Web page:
Holidays are a time for family, friends and…endless eating. That can be tough for kids with sensory processing issues who are sensitive to the tastes, smells and textures of foods. These tips can help reduce food battles—and let you and your child enjoy the holidays.

1. Talk with the host about the menu

If you’ll be eating the holiday meal at someone else’s house, try to talk with your host a few days beforehand. Explain your child’s food sensitivities, so she knows why he may behave in a certain way or not eat the foods.

Let your host know you’re not asking her to change the menu for your child. You just want everybody to be prepared—including your child.

2. Bring favorite foods with you

Volunteer to bring a side dish or two that you know your child will eat. And make plenty if you know it’s all your child will eat! If you’ve spoken to the host ahead of time, it won’t be an unexpected intrusion.

You can also bring a small container or bag of your child’s favorite foods and snacks. Speak with your child ahead of time about when and where he can eat snacks so it doesn’t draw unwanted attention to his food sensitivities.

3. Serve appetizers your child will eat

If you’re hosting a holiday dinner or gathering this year, you’ve probably already built foods your child likes into the menu. But keep in mind that the mingling smells at a food-filled table may also bother your taste-sensitive child. So may the appearance of certain food. That may cause him to not eat at all.

Think about putting out hors d’oeuvres or serving appetizers your child enjoys. That way if he finds the rest of the meal too overwhelming and excuses himself, he won’t be leaving the table hungry.

4. Feed your child before you go

If new foods will trigger anxiety or hunger might set off a meltdown, plan ahead. It’s OK to make sure your child arrives to a holiday gathering with a full stomach and in a good mood.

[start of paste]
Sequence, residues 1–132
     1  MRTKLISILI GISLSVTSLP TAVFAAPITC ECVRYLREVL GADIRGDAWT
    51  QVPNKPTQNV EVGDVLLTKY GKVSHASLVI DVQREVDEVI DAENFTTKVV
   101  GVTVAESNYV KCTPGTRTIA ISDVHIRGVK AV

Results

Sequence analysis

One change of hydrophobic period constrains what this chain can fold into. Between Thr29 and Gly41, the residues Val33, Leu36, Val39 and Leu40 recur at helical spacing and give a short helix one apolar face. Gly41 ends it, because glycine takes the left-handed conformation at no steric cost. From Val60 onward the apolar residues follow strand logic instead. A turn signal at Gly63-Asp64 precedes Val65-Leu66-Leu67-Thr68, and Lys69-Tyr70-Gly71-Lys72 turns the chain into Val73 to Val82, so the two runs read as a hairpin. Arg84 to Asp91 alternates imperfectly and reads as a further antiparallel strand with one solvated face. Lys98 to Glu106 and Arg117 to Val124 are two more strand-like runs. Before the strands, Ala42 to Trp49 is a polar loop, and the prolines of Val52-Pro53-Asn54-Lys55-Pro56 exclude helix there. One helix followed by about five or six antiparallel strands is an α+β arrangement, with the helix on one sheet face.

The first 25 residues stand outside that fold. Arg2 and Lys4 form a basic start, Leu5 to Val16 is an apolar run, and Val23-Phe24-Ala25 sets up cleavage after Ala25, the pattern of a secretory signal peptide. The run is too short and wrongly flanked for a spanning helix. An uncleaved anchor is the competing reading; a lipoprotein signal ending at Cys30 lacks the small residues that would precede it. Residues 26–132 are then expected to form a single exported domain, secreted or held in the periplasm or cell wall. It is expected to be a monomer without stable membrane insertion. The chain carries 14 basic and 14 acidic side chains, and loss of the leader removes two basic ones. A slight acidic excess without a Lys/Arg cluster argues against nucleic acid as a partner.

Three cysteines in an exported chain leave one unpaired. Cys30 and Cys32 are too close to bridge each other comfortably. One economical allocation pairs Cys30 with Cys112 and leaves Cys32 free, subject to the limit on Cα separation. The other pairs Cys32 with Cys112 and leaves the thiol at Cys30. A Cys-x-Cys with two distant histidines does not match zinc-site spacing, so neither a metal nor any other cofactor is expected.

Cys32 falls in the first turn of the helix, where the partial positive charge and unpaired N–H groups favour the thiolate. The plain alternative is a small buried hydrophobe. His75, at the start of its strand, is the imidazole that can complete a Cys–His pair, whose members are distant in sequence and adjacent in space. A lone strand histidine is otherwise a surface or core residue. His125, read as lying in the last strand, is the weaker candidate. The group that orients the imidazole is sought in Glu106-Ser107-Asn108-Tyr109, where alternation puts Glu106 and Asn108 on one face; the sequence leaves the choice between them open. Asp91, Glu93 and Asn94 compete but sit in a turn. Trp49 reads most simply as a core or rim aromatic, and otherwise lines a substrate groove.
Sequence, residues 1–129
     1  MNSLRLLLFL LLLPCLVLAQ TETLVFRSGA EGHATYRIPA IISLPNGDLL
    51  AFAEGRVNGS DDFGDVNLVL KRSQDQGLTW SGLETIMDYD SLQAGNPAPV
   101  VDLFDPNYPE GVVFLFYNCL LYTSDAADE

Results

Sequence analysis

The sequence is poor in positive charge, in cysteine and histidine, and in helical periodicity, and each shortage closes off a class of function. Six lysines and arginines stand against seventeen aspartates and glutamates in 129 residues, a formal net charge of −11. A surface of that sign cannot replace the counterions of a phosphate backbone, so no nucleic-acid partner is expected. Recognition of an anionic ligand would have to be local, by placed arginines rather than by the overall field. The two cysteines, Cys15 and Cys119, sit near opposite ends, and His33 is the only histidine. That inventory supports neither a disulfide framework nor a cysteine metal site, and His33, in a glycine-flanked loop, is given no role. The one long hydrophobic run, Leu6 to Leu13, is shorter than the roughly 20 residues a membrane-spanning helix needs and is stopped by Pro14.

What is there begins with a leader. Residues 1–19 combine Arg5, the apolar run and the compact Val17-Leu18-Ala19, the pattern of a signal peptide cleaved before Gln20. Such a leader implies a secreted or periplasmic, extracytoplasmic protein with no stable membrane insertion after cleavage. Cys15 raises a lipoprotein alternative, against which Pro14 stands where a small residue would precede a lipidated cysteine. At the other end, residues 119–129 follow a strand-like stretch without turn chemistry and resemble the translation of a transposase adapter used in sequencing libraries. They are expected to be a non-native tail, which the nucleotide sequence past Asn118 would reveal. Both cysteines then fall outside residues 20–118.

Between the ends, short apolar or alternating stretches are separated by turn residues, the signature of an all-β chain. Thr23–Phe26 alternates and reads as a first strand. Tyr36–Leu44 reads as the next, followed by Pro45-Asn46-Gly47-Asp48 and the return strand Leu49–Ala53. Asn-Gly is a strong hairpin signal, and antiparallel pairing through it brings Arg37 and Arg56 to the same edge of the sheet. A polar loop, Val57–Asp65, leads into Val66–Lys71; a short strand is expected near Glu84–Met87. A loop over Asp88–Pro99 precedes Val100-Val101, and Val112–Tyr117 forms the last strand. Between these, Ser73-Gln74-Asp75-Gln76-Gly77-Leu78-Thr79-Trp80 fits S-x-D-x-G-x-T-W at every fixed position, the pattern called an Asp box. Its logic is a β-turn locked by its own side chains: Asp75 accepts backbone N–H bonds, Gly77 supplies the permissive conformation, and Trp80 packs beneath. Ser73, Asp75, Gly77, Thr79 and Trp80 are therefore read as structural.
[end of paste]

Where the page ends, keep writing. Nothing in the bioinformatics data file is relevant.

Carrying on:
You may want to pull the host aside to tell her your child isn’t hungry so there’s no offense taken at the dinner table.

5. Set the ground rules

Be clear with your child about your expectations for holiday gatherings. If you expect him to try a small “thank you” bite, make that clear. If you don’t mind if he doesn’t try new foods, teach him phrases he can use to politely decline.

And be clear about food sensitivity-related manners, such as not saying things like “That smells/looks/tastes gross!” Or not spitting out mouthfuls of foods with unusual textures.

6. Tell the stories of traditional foods

Holiday foods are as much about traditions as they are about eating. Some recipes are passed down through generations and some foods (like latkes) are representative of an aspect of the holiday.

Your child still may not like to eat oyster stuffing or marshmallow-sweet potato casserole. But he may appreciate them more after hearing stories of how you learned to make them—or that you used to pick all the marshmallows off the top when you were a kid.

7. Pick your food battles wisely

Holidays can be stressful in many ways for kids with learning and attention issues. And a child who has food sensitivities may have other sensitivities, too. So it might not be a good time to ask your child to start trying new foods or to finish everything on his plate before he can have dessert.

Focus instead on why you’re gathering with family and friends. Food and cooking are important, but enjoying yourself and making pleasant memories are important parts of the holidays, too. Picking food battles wisely can help you do both.

8. Disregard other people’s comments

Not everyone will understand your child’s food sensitivities and your reasons for handling things the way you do. Don’t let other people’s comments, advice or lack of support undermine you. Stick to the rules you’ve set to make your child comfortable.

If either you or other people want to talk about it, suggest a time after the holidays. It might be a better conversation if you wait for a quieter time.

This article is from, a great resource for information on learning and attention issues.  The article was written by Amanda Morin is a parent advocate, a former teacher and the author of The Everything Parent’s Guide to Special Education.